As I headed out with the dog today for a New Year’s Day walk, I stopped to appreciate the snow in our yard. It wasn’t the yard my mom cherished. The boys had been out there, and it was cacophony of uproarious footprints, not an untouched spot in sight. I thought about my mom and her need for that clean yard. I can relate to her sense of beauty and the pleasure she must have derived from the serenity of tidy snow. Motherhood is, after all, a sloppy endeavor, and the front yard was something she could control. It was the part of our home life that could be unblemished. Our flawless front yard granted her a facade of order and some semblance of peace. But, at the end of the day, virgin snow is about as realistic as a clean house. No matter what you do, it never lasts for long. It’s the perfect family photo that fails to relay the chaos behind the moments just prior to its capture. Reality is messy. Life, like a snowy yard, is meant to be experienced. Trying to keep it neat is a waste of time.

As an adult, I see each new year as my childhood’s unblemished front yard. After years of avoiding messes, I understand the privilege inherent in making my mark. Decorum is optional. If 2015 is anything like 2014, I will leave circles where I chased my tail and lines where I dragged my feet. There will be angels where I stopped for fun, some snow critters where I was creative, and forts where I dug in and fortified myself for the long haul. I will leave this year as gloriously pockmarked and lived in as I left last year. Today, though, on a spotless 1/1, I’m gazing over that quiet, blank slate and trying to decide where to head first. Last year’s funk is gone. Time to snap out of it.

Crushing The Hulk

Mental peace = sunrise on Kauai

Mental peace = sunrise on Kauai

I’ve been spending a lot of time lately engaged in what has become a regular pastime of mine…pondering the unanswerable questions of life. Rather than being consumed by the everyday worries provided 24/7 via the cable news networks, I exercise my brain by contemplating topics like the potential for achieving emotional peace whilst circumnavigating the vast ocean of fluid interpersonal relationships. Is there a meaning of life? Is there a Hell? Are humans doomed to repeat their mistakes? Will there ever be another television program as brilliant as Breaking Bad? (Okay. Maybe not that last one, but it does deserve an answer.) While some friends find my need for intellectual exercise exhausting, as an introvert I rather enjoy my armchair philosophy. There’s something comforting in asking questions that cannot be answered. At least you’re certain your suppositions can’t be proven wrong.

Yesterday while my mind was entrenched in the question of whether a person can have true compassion for a friend without taking on any emotional burden of said friend, Joe came racing in from the cold to interrupt my mental machinations. He’d been outside sledding and wanted to share something with his brother who had been resigned to inside play after I’d discovered that his second-hand snow boots were falling apart (literally, the heel of the boot was flapping when he walked and he’d failed to mention this little tidbit to me for a week).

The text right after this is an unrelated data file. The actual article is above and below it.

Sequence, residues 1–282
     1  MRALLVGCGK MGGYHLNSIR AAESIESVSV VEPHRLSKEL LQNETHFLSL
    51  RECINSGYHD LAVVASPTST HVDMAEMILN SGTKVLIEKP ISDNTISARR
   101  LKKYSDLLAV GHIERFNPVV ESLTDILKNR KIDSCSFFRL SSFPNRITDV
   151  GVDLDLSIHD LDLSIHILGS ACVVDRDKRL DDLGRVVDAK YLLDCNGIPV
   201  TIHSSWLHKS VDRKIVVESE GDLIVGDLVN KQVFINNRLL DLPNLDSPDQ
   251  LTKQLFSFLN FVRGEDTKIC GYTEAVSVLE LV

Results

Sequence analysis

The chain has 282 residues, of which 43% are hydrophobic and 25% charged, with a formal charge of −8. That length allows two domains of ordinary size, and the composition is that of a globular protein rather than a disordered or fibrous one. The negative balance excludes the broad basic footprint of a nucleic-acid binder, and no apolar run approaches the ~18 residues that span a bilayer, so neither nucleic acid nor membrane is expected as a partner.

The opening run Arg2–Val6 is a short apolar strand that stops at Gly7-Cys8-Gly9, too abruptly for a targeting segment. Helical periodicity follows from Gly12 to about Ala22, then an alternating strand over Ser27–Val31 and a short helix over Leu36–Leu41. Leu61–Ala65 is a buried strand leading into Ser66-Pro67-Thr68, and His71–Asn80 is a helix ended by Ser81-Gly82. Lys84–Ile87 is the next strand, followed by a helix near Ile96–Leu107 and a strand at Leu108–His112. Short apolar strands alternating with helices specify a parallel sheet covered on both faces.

“Luke, you’ve got to come outside and sled!” he implored.

“I can’t, Joe,” came the disappointed reply. “My boots are broken and the insides are all wet. It’s too cold.”

“Okay. But we’re out there running over the Hulk with our sleds. We’re trying to destroy him,” Joe explained before beating a hasty retreat back to the sledding hill lest he miss any additional opportunities for destruction. Poor, plastic Hulk. He didn’t stand a chance against four preteen boys hell-bent on mowing him down in freezing temps.

Luke sat quietly for a minute or two and then he ran upstairs. He reappeared shortly wearing long underwear, fresh wool socks, and a hat with ear flaps. He ran to grab his snow pants. When he came back in, he began his verbal campaign as he continued dressing.

“I have to go back out, Mom. I don’t care if my feet get cold. They’re sledding…over the Hulk. How often do you even get that opportunity? It’s epic!”

I didn’t see how I could argue with this logic. He was right. You don’t get many opportunities to team up to destroy the Hulk, even if he is just a small, plastic shell of the big, green guy. Philosopher though I am, I understand the occasional sense of urgency to let go of the mantle of deep thought, logic, and rational behavior to seize an epic opportunity, warm feet be damned. Yes. My mind may be old and grown up, perpetually stymied by life’s deeper questions, but I’m still young enough to appreciate that sometimes you have to throw caution to the wind and crush the Hulk.

No matter what the bigger answers are, every day my children remind me what it truly means to live.

Kids Only Lose Sleep For Something Truly Important

Luke and Motty-O feign sleep

Our oldest son has never been a good sleeper. I used to laugh when people told me that I should “nap when the baby naps.” That would have been a perfect solution to my exhaustion if I hadn’t had to drive him around just to get him to go down for a nap and keep him asleep for that hour. Luckily, our youngest is a better sleeper than his brother. Last night, however, he was restless. By 10 Joe was asleep, but still Luke was not. Hubby asked me if I would go in and say goodnight to him again because that might be just what he needed. So, I did.